Lakeland 200 – ish – Charlie, Alan, and Sally

It started inauspiciously:

a request on Singletrack for a 3 day loop in the Lakes produced a link to  and something called the “Lakeland 200” – 200 kms ish off-road with 7000m or so climbing, which is completed by ‘ard nuts self-supported (no pre-booked accommodation, no vehicle back-up, no drafting etc) in 40 hours. We elected for 3 days and accommodation grace de YHA.
Volunteers were requested, as usual met by a deafening silence. Big Al was in, so team 200kg was reformed; Mrs M (Sally) too, although as usual she had absolutely no idea what was involved.
I duly toddled off to Cotswold Outdoor to procure 3 super dooper dry bags to strap under our bars. These, combined with Camelbaks, would be our carrying capacity, and would provide different challenges to different members of our party.
And off I went to pick up Alan on the way to collect Sally from work.
“Bloody Hell Alan – what’s in your dry bag”. “My sleeping bag”. “But you won’t need that”. “Oh – so I won’t need the bag then”. “Where’s your stuff”. “In my camelback – pants, socks, toothbrush”. “Towel? Wash kit?” “In my water bottle”.
(Ladies – I present you an image of big Alan with a towel the size of a medium postage stamp which he had to flail himself dry…………..)
We headed off to get Sally from work, stopping off at the Better Body Shop to see if we could rent a large bloke to help us pick Sally’s bag up – she was planning to ride with 6kg strapped to her bars – then spent the journey up from Kent with Sally emptying stuff and Alan trying to find things to pack.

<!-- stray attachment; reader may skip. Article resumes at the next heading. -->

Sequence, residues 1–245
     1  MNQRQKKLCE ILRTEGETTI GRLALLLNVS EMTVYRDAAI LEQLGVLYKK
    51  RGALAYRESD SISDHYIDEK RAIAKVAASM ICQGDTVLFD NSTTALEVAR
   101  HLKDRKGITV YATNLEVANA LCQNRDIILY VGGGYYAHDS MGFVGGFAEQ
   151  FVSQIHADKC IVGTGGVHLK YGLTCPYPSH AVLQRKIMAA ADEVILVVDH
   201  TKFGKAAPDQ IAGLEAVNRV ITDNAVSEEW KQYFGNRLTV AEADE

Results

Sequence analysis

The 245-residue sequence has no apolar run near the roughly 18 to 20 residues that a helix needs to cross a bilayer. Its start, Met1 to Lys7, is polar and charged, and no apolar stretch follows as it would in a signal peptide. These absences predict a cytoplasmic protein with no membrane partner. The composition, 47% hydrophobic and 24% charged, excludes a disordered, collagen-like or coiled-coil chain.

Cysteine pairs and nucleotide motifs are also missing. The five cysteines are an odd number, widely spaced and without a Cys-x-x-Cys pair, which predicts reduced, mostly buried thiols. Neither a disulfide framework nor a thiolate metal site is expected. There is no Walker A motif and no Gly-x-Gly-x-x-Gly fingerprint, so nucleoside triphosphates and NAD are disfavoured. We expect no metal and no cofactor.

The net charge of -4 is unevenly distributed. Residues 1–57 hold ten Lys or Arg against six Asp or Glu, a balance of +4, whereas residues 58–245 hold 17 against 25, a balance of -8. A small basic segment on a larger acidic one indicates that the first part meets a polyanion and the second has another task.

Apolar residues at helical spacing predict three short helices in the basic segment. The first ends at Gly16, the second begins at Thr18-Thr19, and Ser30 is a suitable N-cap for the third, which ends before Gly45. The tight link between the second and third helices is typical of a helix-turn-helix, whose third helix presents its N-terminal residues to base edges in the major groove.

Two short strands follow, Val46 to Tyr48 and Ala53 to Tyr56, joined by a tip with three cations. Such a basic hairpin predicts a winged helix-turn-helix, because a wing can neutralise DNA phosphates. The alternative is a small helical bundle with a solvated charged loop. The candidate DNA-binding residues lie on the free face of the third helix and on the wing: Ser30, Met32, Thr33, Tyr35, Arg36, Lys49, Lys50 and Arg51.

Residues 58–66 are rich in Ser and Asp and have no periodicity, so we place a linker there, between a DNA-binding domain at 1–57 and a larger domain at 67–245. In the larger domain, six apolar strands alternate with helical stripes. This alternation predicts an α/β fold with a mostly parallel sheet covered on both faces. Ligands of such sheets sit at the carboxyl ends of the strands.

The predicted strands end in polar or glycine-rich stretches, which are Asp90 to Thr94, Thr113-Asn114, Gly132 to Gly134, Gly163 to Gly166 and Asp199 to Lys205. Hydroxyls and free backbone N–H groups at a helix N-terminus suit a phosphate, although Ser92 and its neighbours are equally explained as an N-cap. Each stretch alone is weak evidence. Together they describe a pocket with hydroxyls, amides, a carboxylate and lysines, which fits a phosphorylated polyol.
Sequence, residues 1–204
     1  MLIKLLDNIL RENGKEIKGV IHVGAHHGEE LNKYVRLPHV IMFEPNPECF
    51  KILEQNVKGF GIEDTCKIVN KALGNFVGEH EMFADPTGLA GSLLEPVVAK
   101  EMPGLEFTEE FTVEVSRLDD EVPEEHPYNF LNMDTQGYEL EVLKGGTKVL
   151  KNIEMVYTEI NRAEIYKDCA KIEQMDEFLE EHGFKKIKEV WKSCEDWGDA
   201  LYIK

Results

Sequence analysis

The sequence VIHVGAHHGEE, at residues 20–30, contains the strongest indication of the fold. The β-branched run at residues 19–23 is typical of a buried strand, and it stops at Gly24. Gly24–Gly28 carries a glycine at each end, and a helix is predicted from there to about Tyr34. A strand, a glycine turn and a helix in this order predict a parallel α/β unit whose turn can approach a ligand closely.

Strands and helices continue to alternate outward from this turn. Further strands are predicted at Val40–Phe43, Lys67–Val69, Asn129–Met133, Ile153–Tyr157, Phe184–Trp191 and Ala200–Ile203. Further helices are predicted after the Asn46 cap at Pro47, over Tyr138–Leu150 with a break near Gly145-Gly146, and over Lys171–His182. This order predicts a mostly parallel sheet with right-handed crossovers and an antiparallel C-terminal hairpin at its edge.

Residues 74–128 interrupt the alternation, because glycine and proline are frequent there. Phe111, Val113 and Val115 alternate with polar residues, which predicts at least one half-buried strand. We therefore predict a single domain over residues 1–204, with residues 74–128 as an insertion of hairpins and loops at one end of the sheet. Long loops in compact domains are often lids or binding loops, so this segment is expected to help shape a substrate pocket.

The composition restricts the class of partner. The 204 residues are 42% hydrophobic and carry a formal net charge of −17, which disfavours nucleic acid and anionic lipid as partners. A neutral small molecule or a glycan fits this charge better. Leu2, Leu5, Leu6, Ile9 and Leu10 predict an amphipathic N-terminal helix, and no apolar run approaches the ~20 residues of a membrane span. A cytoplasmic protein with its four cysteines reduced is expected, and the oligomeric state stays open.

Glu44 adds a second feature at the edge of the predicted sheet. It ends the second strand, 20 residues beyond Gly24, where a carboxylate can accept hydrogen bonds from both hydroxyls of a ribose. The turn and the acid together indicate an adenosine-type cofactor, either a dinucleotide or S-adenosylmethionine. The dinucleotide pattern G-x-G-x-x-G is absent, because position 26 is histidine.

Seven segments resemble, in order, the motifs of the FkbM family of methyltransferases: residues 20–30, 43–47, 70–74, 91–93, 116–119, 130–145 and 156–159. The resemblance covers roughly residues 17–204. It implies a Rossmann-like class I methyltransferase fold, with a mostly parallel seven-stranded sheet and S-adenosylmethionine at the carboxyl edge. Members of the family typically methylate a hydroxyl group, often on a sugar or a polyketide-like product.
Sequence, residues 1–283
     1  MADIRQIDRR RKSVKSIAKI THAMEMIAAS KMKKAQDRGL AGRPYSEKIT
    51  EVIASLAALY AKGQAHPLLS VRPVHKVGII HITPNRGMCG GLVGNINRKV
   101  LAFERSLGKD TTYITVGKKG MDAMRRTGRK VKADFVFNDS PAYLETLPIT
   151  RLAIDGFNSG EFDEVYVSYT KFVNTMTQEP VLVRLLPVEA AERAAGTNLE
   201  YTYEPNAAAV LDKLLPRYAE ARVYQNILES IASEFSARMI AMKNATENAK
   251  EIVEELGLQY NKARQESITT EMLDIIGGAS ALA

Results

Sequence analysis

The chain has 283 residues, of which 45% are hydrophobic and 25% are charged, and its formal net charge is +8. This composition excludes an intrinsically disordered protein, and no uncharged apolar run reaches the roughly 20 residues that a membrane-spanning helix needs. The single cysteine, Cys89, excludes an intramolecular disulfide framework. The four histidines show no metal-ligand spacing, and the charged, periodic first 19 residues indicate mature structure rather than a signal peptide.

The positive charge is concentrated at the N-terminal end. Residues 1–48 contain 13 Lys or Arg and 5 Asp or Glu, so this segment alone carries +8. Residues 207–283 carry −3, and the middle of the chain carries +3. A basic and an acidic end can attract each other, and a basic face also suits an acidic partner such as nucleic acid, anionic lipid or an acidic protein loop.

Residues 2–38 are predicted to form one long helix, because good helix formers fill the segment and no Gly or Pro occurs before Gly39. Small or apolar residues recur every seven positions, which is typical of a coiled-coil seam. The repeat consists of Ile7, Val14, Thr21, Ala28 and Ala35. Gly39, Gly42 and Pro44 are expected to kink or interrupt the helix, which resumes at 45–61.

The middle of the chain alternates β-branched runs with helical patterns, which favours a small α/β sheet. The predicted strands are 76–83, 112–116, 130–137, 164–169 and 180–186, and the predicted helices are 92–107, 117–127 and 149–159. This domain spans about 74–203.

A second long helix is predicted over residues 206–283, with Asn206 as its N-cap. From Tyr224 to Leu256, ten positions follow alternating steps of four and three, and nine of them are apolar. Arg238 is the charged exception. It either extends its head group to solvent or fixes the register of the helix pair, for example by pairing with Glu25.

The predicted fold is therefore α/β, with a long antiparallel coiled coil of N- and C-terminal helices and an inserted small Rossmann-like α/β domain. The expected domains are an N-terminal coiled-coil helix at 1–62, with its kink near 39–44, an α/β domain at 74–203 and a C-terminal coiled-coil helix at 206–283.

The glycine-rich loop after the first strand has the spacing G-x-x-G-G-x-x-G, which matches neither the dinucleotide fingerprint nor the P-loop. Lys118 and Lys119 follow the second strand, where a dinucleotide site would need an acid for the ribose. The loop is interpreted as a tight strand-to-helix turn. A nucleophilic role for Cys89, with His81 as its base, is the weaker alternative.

A pre-match curry in Windermere was considered essential – worst curry house music ever. Judging by the state of their speakers, held together with bits of duck tape and string, we weren’t the first to think this.
Friday dawned bright, breezy, and showery. Much last minute faffing and we were off – as far as the bottom of the drive. “Err Charlie – my gears aren’t working”, quoth Alan. Bent front mech quickly diagnosed. A quick tweak with my leatherman (which had thankfully survived the cull), a couple of Charlie style delicate kicks, and a bash with a large Lakeland rock and we were off, meeting our first rock garden after about 10 minutes – bit of a wake up call. Amazingly, this was our one and only mechanical.
Loaded up – s’easy

Early morning rocks – a wake up call for softy southerners

Fantastic riding, but constantly challenging, with steep rocky sections everywhere, and no really big climbs – but I was surprised we had climbed about 1500m by (late) lunch in Coniston, having perhaps foolishly added in a chunk of the North Face trail as an extra.  Sally duly ordered half the menu and a pint of Bluebird; Alan went for veggie soup and a lightly buttered roll. He clearly didn’t realise where we going next.

 Next – we go over that bit…….Walna Scar in the distance